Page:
Saving the Web from Humanity

28 years ago today, Sir Tim Berners-Lee designed the web in a memo to his bosses at CERN, the European Union’s research center for nuclear energy. While nuclear energy is in decline in Europe, the web is going gangbusters, reaching more people and more devices, and carrying more data than ever.

But there’s trouble in paradise. The web hasn’t ushered in the era of radical democracy and liberal democratic values that it was supposed to bring about. While the web did contribute to democratic uprisings in some countries, movements such as the Arab Spring and the Orange Revolution didn’t have legs.

Web Inventor Weighs In

Web inventor Berners-Lee has expressed concern about the state of the web for at least a decade. In 2006, he stepped up for net neutrality because of concerns that a business model that allowed ISPs to customize the manner of their interconnection to web services would be destructive to democratic, open platforms:

Sir Tim argues that service providers may be hurting themselves by pushing for tiered pricing. The Internet’s extraordinary growth has been fueled by the limitless vistas the Web offers surfers, bloggers and downloaders. Customers who are used to the robust, democratic Web may not pay for one that is restricted to wealthy corporate content providers.

ISPs don’t interconnect to all services on an equal basis today, of course. High-volume services like Netflix who have hundreds of millions of users have very different forms of interconnection than do small sites with dozens or less. And all video streaming sites have different kinds of interconnection agreements with ISPs than do classical web sites.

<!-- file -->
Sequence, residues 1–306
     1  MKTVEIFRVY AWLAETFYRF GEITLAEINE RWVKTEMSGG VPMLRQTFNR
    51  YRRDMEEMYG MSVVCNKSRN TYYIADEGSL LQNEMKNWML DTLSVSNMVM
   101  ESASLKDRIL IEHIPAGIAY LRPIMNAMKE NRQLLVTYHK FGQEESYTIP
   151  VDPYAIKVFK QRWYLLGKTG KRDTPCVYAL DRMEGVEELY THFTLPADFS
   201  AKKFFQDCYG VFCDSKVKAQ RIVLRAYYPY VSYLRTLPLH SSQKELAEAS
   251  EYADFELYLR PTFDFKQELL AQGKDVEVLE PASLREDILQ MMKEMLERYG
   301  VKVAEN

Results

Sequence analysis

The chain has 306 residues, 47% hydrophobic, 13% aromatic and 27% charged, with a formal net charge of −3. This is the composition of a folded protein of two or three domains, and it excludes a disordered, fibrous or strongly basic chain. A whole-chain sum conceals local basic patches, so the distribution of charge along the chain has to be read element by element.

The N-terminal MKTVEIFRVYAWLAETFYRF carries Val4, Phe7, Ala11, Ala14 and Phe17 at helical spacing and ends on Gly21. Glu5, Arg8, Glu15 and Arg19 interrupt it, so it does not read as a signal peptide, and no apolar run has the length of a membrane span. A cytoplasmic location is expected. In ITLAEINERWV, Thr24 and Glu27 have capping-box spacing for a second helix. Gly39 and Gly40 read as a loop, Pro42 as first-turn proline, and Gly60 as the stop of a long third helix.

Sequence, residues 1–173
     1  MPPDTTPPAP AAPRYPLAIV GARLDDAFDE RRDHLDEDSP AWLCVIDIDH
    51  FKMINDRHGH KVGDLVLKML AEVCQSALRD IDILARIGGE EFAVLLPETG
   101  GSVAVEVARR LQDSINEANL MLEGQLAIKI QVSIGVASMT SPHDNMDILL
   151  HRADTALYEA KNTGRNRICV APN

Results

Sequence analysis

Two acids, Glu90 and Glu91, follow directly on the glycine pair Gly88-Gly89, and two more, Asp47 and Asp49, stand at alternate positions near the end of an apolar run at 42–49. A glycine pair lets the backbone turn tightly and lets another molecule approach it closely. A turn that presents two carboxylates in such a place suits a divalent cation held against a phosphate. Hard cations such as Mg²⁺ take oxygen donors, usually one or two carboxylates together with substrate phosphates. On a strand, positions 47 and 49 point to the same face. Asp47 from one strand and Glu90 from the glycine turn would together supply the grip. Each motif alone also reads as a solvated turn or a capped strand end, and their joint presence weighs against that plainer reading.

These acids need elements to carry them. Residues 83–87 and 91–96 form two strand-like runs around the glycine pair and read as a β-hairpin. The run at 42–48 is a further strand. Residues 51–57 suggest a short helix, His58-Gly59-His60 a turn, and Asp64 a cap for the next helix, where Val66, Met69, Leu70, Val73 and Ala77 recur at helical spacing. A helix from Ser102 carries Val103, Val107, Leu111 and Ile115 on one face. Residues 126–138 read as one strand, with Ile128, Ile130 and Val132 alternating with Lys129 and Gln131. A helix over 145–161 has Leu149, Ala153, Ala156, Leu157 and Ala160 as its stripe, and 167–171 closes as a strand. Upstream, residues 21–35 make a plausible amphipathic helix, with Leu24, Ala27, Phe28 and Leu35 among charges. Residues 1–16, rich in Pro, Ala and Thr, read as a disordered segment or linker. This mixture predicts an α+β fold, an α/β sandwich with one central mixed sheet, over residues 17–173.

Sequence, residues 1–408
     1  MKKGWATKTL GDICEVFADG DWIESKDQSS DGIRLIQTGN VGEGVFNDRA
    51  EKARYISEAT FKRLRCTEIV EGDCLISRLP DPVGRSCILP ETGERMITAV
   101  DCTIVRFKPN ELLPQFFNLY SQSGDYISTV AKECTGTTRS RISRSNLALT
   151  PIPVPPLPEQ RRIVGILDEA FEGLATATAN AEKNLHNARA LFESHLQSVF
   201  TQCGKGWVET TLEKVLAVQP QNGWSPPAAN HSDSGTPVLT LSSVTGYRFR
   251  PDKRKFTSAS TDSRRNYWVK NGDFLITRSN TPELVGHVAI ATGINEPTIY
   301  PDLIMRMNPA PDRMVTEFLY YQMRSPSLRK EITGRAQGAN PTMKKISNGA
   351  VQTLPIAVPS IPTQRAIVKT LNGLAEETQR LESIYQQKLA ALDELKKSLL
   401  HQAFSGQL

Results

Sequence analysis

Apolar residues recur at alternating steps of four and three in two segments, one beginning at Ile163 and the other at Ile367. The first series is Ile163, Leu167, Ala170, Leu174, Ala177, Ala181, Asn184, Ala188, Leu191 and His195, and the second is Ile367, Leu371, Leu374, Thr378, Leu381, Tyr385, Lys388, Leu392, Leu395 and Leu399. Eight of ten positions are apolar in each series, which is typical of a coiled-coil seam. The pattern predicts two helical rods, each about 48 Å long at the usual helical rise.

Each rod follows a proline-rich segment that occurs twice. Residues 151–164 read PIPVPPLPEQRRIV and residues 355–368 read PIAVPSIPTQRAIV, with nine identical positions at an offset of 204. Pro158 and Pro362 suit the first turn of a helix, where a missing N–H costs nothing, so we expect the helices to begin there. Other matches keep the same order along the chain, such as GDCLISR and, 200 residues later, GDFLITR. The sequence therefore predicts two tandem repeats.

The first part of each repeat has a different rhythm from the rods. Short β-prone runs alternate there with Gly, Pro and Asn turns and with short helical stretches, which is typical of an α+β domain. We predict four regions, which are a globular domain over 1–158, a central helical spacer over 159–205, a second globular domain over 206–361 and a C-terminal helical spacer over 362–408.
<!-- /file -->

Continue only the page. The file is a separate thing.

Despite these differences, it continues to be easy for any website, large or small, to reach the entire Internet, more or less. Net neutrality regulations are still confined to the most privileged nations and haven’t brought about enforcement actions or significant changes in behavior, apart from less investment in the US.

Net neutrality was not the cure-all that Berners-Lee said it was in 2006 because there was no disease to cure.

Trouble in Paradise

Things are not entirely right with the web, of course. As Sir Tim himself admits, there are serious problems afoot:

Today marks 28 years since I submitted my original proposal for the worldwide web. I imagined the web as an open platform that would allow everyone, everywhere to share information, access opportunities, and collaborate across geographic and cultural boundaries. In many ways, the web has lived up to this vision, though it has been a recurring battle to keep it open. But over the past 12 months, I’ve become increasingly worried about three new trends, which I believe we must tackle in order for the web to fu

The three problems are profiling, fake news, and political advertising. These are in fact three manifestations of the same problem: Internet services are financed by advertising. The ad networks that surveil us on the web log our behavior in order to sell targeted ads; fake news is on the rise because of the pay-per-click business models employed by Facebook and Google; and political ads make money for web sites.

So what do we do about the fact that an economic sector supported by ad sales is obsessed with doing things that sell ads?

Sir Tim’s Solutions

Sir Tim proposes to give us more control over which data we share with advertisers and which we don’t:

As our data is then held in proprietary silos, out of sight to us, we lose out on the benefits we could realise if we had direct control over this data and chose when and with whom to share it. What’s more, we often do not have any way of feeding back to companies what data we’d rather not share – especially with third parties – the T&Cs are all or nothing.